Scientists continue to research this migration, which is the longest of any animal on the planet. Here is a link to a recent report: How do whales navigate?


There are three main island groups within Tonga; Tongatapu (the south), the Ha'apai (Pangai, middle) and Vava'u (Neiafu, north). 




We cleared into Tongatapu and waited for some other yachts to arrive. We were signed up with the Sail Tonga Rally (Island Cruising New Zealand), but in the end we did not travel with them as it did not suit our timetable.

Drone-shot of the Sail Tonga Rally congregating at "Big Mama's Yacht Club", Tongatapu. There were 35 yachts in all, which made anchorages rather congested and we did not spend a lot of time with the rally.














Yachts moored outside the Mango Cafe, Neiafu.
The government laid down moorings in one of the most popular bays, Port Maurelle, which made securing ourselves safely in the deep water easier.


The water in Tonga is known for its clarity and our early anchorages did not disappoint.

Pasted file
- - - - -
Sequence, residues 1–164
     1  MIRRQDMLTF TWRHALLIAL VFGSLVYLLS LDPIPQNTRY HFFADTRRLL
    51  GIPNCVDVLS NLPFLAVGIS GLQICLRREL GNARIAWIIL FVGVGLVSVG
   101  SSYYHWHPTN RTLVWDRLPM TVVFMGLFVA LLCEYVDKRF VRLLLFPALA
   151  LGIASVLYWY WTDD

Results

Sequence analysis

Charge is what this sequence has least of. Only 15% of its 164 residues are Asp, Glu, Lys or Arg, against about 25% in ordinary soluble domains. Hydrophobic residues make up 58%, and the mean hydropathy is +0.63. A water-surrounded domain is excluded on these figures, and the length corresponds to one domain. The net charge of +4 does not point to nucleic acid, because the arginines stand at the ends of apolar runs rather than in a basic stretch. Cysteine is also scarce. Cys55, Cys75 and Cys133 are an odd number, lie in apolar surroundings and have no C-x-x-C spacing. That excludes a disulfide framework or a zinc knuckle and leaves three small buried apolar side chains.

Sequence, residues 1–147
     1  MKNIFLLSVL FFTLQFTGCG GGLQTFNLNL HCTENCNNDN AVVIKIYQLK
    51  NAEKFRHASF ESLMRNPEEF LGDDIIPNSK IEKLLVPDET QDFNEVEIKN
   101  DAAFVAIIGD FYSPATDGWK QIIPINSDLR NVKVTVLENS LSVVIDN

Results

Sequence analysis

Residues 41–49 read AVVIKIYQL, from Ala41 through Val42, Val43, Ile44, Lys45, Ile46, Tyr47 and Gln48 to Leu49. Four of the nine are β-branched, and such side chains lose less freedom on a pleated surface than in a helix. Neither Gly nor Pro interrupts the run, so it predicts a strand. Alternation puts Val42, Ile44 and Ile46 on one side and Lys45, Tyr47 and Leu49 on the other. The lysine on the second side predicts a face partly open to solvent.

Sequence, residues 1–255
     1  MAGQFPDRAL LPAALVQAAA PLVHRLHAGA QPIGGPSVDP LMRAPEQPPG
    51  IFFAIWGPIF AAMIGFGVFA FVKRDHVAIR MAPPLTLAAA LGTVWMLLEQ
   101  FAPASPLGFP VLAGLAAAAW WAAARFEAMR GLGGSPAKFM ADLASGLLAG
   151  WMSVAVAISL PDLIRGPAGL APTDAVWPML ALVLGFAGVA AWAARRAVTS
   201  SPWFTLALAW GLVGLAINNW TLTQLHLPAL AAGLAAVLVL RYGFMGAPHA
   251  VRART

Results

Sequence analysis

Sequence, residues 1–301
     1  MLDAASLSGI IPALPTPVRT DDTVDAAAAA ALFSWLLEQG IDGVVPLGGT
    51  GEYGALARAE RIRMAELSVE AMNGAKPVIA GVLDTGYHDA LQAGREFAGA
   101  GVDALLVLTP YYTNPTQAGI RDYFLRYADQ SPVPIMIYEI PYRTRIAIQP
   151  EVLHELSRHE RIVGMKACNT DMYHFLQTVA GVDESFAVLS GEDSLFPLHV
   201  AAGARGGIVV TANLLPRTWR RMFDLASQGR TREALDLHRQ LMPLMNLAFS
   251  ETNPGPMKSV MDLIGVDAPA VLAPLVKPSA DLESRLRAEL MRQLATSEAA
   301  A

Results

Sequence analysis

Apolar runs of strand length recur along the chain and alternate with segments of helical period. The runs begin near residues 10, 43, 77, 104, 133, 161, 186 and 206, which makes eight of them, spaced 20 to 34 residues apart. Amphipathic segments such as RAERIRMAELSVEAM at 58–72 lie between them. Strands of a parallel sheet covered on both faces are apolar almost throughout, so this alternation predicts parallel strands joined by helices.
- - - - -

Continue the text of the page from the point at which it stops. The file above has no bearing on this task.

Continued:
But George and I like even more privacy, and fortunately there were many options.

Uninhabited beach in the Ha'apai group.


Uoleva Island, Vava'u.
"Castaway" Island.



Koro Island, Ha'apai. We also christened this "Gilligan's Island".
One of the joys of travelling to another country is meeting the local people and learning more about their culture and cuisine. We dropped anchor in a protected lagoon next to an island occupied by a single Tongan family. George and our friend, Geoff, were soon helping to repair David's outboard engine and runabout.


Geoff and George repair David's dinghy at the Vaka'etu lagoon.
David's daughter, Rosemary, checks the quality of the repairs.

In return, David took us to Church, and invited George to a Kava ceremony.

David is wearing the traditional ta Ľovala, a woven mat wrapped around his waist.

After the men finished the traditional part of the Kava ceremony, the rest of us were invited to partake.
I made friends with a small boy who was captivated by my mobile phone.


All land in Tonga is owned by the King, but people have long-term right of occupancy, so David, his wife, Hika and their 11 children were following the tradition of many generations on their own island. Hika was a one-time Chef and we were invited to a Tongan feast, complete with suckling pig (presumably a descendent of the pigs that came with the Lapitas on their wooden canoes).